Sunday, April 15, 2012

Thomas Ritter book discussion, pgs. 58-95

I'm going to randomly post some of my book discussion contributions here so if anyone wants to read along and comment, you can do so.

The book in question is one I highly recommend, not only informative but simply gorgeous with stunning illustrations and photographs, Thomas Ritter's Dressage Principles Based on Biomechanics, which can be purchased HERE.

my book discussion post:

This is a longer section, with a lot of information packed into it as it surveys and highlights (and connects) the history of dressage for the reader.

For this section, which gets more to the meat of the book, I've read pages from beginning to end (and re-read a number of passages) - but I'm going to post here as I go back through it another time.

My first observation is from a passage on pg. 60 in which Ritter says, " All horses are different, which is why no two individuals can be trained with exactly the same training schedule..." and then further he says, "I always recommend to my students that they devote a part of each training session to research, where they don't try to teach the horse anything new, but instead analyze the current situation and to get to know the horse better. No two horses are identical, so this makes an individual approach necessary. In theory, everything can be right, and everything can be wrong depending on the different circumstances."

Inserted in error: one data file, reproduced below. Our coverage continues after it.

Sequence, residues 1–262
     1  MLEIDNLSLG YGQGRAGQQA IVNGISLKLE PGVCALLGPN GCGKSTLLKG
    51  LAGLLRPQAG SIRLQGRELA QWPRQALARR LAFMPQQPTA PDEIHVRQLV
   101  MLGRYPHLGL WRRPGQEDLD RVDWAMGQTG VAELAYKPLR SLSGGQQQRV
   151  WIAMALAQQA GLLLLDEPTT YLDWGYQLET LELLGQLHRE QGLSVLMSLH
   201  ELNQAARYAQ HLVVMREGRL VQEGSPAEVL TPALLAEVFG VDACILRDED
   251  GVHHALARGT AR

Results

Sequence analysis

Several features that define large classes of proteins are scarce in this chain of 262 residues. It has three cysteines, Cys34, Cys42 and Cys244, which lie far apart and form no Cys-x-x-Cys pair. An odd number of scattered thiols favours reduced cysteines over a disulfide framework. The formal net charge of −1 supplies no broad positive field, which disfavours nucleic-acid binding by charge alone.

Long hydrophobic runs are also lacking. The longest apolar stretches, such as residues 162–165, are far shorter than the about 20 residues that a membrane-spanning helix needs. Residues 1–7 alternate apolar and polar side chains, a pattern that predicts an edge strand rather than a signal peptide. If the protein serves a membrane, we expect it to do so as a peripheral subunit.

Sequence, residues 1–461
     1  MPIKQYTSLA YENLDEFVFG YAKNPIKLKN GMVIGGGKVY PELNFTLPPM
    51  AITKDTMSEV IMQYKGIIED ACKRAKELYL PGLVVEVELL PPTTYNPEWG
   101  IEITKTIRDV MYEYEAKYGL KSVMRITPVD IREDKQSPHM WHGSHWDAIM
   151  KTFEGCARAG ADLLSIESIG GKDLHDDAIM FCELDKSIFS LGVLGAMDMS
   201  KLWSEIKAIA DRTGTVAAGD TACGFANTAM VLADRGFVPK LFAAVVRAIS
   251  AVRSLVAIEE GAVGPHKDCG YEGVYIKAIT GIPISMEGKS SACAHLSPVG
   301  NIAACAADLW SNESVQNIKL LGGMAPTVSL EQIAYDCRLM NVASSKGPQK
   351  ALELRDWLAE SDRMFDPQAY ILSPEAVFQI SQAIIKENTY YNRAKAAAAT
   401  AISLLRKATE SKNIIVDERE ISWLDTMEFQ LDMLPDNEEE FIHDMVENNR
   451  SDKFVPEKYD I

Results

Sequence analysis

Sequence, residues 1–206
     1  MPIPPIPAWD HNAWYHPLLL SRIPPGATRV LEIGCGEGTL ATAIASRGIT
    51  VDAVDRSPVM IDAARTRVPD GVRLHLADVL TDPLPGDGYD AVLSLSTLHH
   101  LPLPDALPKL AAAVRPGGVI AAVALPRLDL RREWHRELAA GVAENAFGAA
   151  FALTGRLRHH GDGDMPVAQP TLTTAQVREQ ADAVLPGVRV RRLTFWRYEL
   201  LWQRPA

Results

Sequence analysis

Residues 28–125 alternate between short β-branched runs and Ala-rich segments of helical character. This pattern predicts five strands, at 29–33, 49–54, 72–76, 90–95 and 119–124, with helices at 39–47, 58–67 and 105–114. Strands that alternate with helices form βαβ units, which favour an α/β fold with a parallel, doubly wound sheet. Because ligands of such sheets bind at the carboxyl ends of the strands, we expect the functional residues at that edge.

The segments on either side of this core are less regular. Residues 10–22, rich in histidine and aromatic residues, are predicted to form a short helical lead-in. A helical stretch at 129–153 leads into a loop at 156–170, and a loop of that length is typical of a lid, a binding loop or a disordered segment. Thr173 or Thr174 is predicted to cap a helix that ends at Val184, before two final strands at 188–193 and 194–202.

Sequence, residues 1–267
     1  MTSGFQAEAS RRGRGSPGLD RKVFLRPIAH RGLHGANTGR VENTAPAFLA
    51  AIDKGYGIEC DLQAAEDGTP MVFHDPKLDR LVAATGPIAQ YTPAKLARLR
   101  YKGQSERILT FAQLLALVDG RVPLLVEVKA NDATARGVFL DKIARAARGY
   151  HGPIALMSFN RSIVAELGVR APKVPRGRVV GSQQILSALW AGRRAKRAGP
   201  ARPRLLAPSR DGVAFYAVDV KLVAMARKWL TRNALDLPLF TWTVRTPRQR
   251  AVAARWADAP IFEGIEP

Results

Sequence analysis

You can stop here and add your own thoughts to this thread or read on for my own long ramble as I think through my own herd with the above in mind.

It was nice for me to begin this section with information that I understand and can leap right into with my own experiences at hand as I read forward. For the past 8 eight years I've worked primarily with three horses and a pony who live with us. You can see how different they are: